Advanced Care Research Centre

Symposium Reflections - Peter Smith

First of two reflections on the ACRC Symposium from a PPI perspective comes from Peter Smith.

Being able to influence researchers as a public and patient representative is an honour. I guess being 70 years old and having both long term and current health issues qualifies me to share my experiences for the good of all. Giving the lay address at the Spring Symposium provided the opportunity to present those challenges growing old gives, especially at a time of crisis in our healthcare services.

It was with real pride I was offered the privilege to present, for a second year running, the Lay Address at the ACRC Spring Symposium. The audience would be PhD students, researchers, leading academics and decision makers, so what could I bring to the table that would make ACRC representatives take note? My 10-minute session was to be entitled “The Challenges of Growing Old – My Story” as part of setting the scene for the section on Ageing in a Time of Crisis. Initially I pondered the request but realised I was now qualified in ‘ageing’ having reached the age of 70 in the last few months. I’d wondered how I’d achieved that milestone as in my mind I was still thinking like a 25-year-old. The realisation that retirement from a 40+ year career in adult social care five years earlier had somehow happened, and I transitioned into Public & Patient Involvement (PPI) work through opportunities I couldn’t resist maintaining an ongoing interest in health and social care issues.

Also, personal health issues had impacted my life in the last five years, including a rotator cuff shoulder injury, cataracts and prostate cancer alongside the type 2 diabetes I’d been living with for the last 30 years. Treatments had come and gone, and new concerns were beginning to take hold. I now have constant pain in my left foot from planter fasciitis and the discomfort of an inguinal hernia – why are these health issues happening to me? Perhaps I do have things to say about growing old and not being as healthy as I would want to be!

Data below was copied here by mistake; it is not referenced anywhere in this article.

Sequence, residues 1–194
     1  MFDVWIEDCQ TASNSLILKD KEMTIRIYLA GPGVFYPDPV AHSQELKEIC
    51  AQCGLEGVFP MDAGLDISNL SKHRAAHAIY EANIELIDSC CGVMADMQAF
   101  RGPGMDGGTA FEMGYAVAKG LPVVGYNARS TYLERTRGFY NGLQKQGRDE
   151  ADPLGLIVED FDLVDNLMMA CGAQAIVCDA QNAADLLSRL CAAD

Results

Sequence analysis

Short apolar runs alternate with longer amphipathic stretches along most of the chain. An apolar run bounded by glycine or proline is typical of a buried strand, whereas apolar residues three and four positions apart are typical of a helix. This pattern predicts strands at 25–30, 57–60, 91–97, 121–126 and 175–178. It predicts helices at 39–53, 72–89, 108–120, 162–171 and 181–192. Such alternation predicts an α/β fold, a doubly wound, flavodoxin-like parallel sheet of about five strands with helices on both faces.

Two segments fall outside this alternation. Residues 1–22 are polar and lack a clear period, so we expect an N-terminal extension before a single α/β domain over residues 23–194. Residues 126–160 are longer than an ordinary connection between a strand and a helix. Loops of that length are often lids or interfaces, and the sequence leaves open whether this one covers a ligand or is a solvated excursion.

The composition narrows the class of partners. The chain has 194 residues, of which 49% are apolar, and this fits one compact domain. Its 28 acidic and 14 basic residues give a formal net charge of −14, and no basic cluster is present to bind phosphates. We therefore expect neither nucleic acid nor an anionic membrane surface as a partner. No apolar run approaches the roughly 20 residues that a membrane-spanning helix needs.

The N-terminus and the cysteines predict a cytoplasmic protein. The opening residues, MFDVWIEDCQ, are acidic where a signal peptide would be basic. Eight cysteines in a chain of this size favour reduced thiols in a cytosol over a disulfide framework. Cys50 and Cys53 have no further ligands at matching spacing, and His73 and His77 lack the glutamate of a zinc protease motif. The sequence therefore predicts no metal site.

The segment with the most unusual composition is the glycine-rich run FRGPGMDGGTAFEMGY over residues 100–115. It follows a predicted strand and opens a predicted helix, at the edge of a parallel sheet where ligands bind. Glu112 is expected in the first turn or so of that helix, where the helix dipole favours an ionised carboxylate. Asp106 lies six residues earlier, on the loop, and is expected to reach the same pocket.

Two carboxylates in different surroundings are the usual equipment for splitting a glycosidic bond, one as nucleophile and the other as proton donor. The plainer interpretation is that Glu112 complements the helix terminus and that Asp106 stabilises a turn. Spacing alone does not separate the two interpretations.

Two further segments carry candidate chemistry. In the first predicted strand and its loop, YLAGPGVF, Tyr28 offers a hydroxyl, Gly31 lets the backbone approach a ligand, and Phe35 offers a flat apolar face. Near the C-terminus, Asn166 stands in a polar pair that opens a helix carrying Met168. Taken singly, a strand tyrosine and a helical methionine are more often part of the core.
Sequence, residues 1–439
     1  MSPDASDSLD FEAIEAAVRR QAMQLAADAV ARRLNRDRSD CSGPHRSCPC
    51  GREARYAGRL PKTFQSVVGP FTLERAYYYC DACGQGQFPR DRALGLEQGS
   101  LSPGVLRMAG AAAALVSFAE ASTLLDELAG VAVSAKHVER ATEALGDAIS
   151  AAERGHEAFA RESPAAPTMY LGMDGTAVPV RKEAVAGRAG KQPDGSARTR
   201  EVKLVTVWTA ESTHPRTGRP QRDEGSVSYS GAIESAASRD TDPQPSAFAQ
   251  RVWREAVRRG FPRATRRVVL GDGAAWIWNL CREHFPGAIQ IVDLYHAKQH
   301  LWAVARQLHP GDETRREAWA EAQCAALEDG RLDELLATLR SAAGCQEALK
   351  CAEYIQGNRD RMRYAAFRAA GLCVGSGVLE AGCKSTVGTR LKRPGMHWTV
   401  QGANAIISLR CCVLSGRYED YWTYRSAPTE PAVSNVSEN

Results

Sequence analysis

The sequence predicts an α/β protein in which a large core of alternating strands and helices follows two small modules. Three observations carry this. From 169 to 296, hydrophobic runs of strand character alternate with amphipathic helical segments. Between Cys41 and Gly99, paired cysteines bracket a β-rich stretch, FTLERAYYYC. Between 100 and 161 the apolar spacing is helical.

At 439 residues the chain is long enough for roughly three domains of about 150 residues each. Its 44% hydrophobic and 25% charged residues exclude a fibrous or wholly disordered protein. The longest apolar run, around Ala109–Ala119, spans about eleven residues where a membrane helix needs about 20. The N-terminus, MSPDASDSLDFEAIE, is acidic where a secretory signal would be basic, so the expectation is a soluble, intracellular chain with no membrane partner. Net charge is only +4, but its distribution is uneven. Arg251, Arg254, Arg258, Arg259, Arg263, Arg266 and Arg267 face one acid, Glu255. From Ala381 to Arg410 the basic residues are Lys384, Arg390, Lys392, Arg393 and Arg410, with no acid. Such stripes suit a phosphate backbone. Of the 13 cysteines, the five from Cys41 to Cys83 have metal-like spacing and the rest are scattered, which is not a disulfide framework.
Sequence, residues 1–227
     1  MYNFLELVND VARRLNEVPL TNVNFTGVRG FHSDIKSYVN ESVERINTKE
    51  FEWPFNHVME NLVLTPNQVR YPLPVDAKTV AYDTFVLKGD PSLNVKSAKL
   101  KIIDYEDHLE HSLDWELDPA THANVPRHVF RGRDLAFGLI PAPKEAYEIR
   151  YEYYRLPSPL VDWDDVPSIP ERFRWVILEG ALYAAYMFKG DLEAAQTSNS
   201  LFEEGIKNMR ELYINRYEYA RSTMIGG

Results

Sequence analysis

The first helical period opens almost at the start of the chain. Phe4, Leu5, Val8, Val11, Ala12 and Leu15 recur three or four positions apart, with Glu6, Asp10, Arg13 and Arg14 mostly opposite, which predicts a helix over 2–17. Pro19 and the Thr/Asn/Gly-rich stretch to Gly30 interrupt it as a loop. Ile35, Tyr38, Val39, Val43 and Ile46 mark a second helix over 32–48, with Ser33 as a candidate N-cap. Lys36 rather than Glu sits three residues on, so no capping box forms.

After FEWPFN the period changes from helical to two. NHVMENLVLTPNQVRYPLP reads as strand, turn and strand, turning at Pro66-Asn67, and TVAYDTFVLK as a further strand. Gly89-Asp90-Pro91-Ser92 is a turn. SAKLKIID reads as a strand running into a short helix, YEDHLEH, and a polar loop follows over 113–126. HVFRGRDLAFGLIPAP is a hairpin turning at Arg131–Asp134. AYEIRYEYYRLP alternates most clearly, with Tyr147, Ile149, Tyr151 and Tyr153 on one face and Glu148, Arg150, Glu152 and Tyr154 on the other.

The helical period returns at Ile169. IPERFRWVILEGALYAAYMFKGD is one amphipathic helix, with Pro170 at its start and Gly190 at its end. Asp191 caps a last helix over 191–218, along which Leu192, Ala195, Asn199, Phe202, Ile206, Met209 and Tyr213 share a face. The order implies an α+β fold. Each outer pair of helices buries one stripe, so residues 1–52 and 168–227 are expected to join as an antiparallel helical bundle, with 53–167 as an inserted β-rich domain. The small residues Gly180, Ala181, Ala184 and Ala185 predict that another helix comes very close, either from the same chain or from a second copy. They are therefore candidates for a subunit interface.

But what about the crisis in healthcare, is this really impacting on my life? What crisis I asked; then realised I’d lived through the worst pandemic in our lifetime, was hearing through colleagues and the press about workforce shortages, funding constraints and increasing demand for services impacted by systemic inefficiencies across the country. Yes, there has been, and currently is, a crisis in healthcare. We know there are shortages of GP’s and nursing staff with recruitment and retention problems, exacerbated by the impact of Brexit with overseas recruitment now more complicated and uncertain. The underfunding of the NHS and local authority social care is based on budget constraints and the growing ageing population. There are long waits for what should be routine operations and treatment. Our hospitals are also ageing, they’re often outdated and require significant investment. Of course, we should not forget the inequalities faced by people from disadvantaged backgrounds, they have some of the worse health outcomes with less access to care and health services; whilst Public Health focuses on the growing demands of obesity, heart disease, diabetes, mental health issues, smoking and alcohol and drug use. So yes, clearly there is a crisis in healthcare!

In the last five years I have worked alongside students at the start of their careers in social care and nursing. I have undertaken PPI work at a number of universities around the country and found myself interested in supporting research in healthcare by working alongside other PPI representatives, professors, research associates, teaching staff and students both online and in person. I now have experience of being part of stakeholder and steering groups, public reference groups and speaking at public events including the Spring Symposium.

All this work supports the work of researchers as PPI involvement brings peoples personal experiences to the table and helps put real life situations into context. Having attended two Symposiums now I have learnt a lot from those experiences. Not just in developing my presentation skills but also listening to the varied research proposals helped expose me to a wide array of topics. The Q&A sessions broadened both my understanding of university-based research and helped foster a sense of community amongst the participants. I found it inspiring to see the passion and dedication of everyone at the Symposium as we all focused on finding ways of improving healthcare services whatever crises arise in future.